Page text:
Software licensing

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Writing code for the Asylum

We welcome help in writing code to help us run the Asylum. In order to avoid surprises down the road, we can only use code if it's licensed in a way that lets us use it.

What kinds of code do we have?

Code people might write for us breaks down into two major categories:

  • Code required to conduct our day-to-day operations
  • Code to enable members to do nifty things

The first category includes things like our website, our office automation, security systems, accounting and financials, infrastructure such as email tools, and so forth.

The second category includes things that we don't need to run the business, but are handy to have. One example is CNC file-format conversion software, which enables additional uses for our machinery, but isn't critical-path for our operations.

Most of this page concerns the first category of code, though it touches briefly upon the second.

Licenses we can accept

We're happy to have you use your code in any way you like, as long as it doesn't prevent us from using it. Thus, any of the licenses below are fine with us---although the "freer" the license, the better, in general.

Work for hire

This is the most-restrictive license. It says that we own your code, and you have no rights to it. This might be appropriate for code an outside contractor writes, for pay, such as a website redesign. In a work for hire, we own the copyright, not you.

"Free" licenses

These include, but are not limited to:

  • Creative Commons, such as CC-BY-SA
  • BSD
  • GPL

Licenses that include a "no commercial use" clause are not acceptable. In addition, licenses that include an "advertising" clause are only acceptable if that advertising doesn't have to appear on our public website.

The general idea is that, if the code is free for you---and the rest of the world---to use, it's free for us to use, too.

Our own license

If none of the above licenses make sense for you, you can also license your code like this:

"Artisan's Asylum is granted a free, perpetual, irrevocable, nonexclusive license to use, modify, copy, or distribute these files."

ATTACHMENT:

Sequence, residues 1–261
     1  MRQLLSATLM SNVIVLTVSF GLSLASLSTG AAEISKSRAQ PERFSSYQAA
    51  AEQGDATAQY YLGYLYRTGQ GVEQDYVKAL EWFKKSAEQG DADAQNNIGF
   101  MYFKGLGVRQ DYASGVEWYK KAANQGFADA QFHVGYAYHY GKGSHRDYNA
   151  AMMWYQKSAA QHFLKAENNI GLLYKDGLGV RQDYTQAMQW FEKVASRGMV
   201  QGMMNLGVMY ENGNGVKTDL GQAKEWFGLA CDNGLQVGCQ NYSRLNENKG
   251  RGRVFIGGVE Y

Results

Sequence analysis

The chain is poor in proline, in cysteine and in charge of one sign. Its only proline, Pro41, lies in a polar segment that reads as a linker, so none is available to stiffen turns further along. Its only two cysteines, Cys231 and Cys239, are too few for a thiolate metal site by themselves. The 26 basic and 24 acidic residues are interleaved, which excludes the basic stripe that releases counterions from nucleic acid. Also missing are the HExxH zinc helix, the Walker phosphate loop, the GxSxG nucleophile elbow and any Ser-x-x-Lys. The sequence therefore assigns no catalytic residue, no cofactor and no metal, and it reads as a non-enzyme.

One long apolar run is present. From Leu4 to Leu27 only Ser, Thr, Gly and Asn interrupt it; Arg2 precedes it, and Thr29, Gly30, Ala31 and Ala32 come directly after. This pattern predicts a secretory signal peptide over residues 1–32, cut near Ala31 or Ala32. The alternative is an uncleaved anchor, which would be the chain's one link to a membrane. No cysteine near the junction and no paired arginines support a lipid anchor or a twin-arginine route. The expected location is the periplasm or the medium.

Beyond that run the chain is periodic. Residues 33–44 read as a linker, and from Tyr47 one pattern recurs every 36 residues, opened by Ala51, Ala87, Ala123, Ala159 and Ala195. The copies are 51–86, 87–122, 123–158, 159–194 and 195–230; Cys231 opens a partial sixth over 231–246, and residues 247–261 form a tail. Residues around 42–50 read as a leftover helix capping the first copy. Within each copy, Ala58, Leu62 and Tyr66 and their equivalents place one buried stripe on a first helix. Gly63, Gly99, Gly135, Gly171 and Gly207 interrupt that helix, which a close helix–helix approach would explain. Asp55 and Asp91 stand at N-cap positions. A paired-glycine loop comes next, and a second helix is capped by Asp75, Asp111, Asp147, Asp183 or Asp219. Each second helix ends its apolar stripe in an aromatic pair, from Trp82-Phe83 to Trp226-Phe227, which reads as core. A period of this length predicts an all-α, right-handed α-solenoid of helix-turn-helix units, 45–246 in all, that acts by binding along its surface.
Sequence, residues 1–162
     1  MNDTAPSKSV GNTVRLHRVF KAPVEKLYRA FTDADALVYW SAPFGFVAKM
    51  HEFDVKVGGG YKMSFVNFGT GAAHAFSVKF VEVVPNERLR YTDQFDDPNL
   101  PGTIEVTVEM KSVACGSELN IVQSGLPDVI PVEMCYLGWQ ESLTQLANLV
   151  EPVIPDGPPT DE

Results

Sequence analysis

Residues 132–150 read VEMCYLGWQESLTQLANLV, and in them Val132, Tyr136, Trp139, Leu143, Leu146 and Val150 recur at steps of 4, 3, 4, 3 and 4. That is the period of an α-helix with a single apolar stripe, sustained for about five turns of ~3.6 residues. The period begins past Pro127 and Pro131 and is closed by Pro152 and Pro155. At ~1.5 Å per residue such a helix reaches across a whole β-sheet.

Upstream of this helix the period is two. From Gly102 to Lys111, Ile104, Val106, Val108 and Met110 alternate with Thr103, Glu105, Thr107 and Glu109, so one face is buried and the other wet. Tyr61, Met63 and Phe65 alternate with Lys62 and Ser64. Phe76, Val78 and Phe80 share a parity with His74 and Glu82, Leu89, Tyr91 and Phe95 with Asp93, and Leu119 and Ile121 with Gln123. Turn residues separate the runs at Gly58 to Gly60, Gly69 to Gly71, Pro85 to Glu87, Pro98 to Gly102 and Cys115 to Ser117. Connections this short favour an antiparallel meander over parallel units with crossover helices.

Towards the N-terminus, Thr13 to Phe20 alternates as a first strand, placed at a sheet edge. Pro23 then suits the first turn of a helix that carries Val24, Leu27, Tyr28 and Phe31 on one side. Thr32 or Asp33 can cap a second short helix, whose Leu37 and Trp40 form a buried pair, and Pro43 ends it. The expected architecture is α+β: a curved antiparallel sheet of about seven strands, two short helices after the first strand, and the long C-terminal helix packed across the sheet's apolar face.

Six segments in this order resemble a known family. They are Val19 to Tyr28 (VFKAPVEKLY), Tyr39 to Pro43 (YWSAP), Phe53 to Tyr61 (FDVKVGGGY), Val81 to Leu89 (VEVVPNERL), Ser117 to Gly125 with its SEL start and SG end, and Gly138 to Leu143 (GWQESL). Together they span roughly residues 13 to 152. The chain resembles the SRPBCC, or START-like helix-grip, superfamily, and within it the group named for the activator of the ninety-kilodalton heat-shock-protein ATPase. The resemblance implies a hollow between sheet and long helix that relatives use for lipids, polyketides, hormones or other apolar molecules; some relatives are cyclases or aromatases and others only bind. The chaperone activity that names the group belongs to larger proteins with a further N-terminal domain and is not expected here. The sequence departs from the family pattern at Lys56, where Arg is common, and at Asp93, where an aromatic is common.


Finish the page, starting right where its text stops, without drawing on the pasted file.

This says that we can use your code any way we like, and (because it's a non-exclusive license), so can you. Note that, just like the other licenses above, you still own the copyright, because you're the author.

Licenses we can't accept

Any license that says we can run your code only with your permission are not acceptable, because that introduces an unacceptable business risk. If there's any possibility that you could legally compell us to stop using your code if you withdraw permission, then we can't use it for anything important.

Similarly, any license that says other Asylum members can't modify your code are unacceptable, because you may leave, get hit by a bus, or simply be too busy to make a change that we require in order to run our business.

What license should you choose?

In general, choose the most-free license you can. This is usually something like the GNU GPL or CC-BY-SA. Both of these (very roughly) say that anyone can use your code, and if they modify it, they have to make the modifications available to others. You can also choose our license.

The more central your code is to our operations, the more we care about its license. If you want to write some little tool that only a few members will use on a certain piece of equipment, and you have some reason for picking a more-restrictive license, that's probably okay---but it may mean that we won't use it in a class, won't help you to install it or support it, and so forth. In general, we strongly encourage you to use free licenses on everything.

How should you indicate the license?

A shorthand way to do so is to just say, in a comment somewhere at the front of a file, "This code licensed under GNU GPL, any version" or "This code licensed under CC-BY-SA" or (if you're using our license) to repeat our boilerplate. If your code consists of a large number of files, consider instead a LICENSE file somewhere in the distribution.

What if your code has no license indicated?

If you write code for us and don't include any license, we'll assume "our" license. You can do whatever you like with the code, but so can we. If you later change your mind about its license, we're free to use "our" license on the code you gave us before you changed your mind. For code written after that point, we'll use whatever license you decide---but remember that we can't use your code at all unless you pick one that doesn't tie our hands later.

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